Despite primary setbacks, Bernie Sanders primed for Phoenix debate
PHOENIX – Sen. Bernie Sanders, whose campaign for the Democratic presidential nomination has stumbled recently, said Wednesday he was looking forward to an upcoming Phoenix debate with Joe Biden.
The firebrand Vermont lawmaker did not publicly address his supporters Tuesday night after suffering a devastating primary defeat in Michigan and decisive losses in Missouri and Mississippi to former Vice President Joe Biden.
But at a press conference in his home state, he said, “On Sunday, I very much look forward to the debate in Arizona with my friend Joe Biden.”
During his press conference, he acknowledged “we are losing the debate over electability” to a candidate many Democrats think will have a better chance of defeating President Donald Trump in the fall.
He said he wanted to force Biden to confront issues of economic inequality and other issues important to Sanders’ supporters and planned to do that at Sunday’s debate at Arizona Federal Theatre.
“The American people will have the opportunity to see which candidate is best positioned to accomplish that goal,” he said.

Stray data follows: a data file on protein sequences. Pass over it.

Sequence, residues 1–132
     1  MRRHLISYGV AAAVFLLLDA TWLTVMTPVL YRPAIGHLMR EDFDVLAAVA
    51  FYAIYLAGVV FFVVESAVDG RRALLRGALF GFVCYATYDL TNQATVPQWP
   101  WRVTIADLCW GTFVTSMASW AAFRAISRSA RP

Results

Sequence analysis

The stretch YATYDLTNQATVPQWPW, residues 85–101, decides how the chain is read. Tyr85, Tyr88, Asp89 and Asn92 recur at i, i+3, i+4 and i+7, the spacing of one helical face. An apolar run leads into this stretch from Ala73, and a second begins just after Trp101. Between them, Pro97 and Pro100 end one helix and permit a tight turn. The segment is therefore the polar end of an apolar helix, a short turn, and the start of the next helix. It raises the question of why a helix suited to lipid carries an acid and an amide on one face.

Sanders became a front-runner after the earliest states voted in the Democratic primaries, but the party has since coalesced around Biden as the top choice to take on Trump.
The debate, which is set for 5 p.m., has been scaled back by organizers. No audience will be allowed at the request of each campaign amid the spread of the coronavirus in the United States.
The 78-year-old Sanders drew more than 7,000 supporters to a rally in Phoenix last week, and his campaign was set to open five field offices in Arizona on Wednesday, in downtown Phoenix, west Phoenix, Tempe, Tucson and Flagstaff.
The Associated Press contributed to this report.
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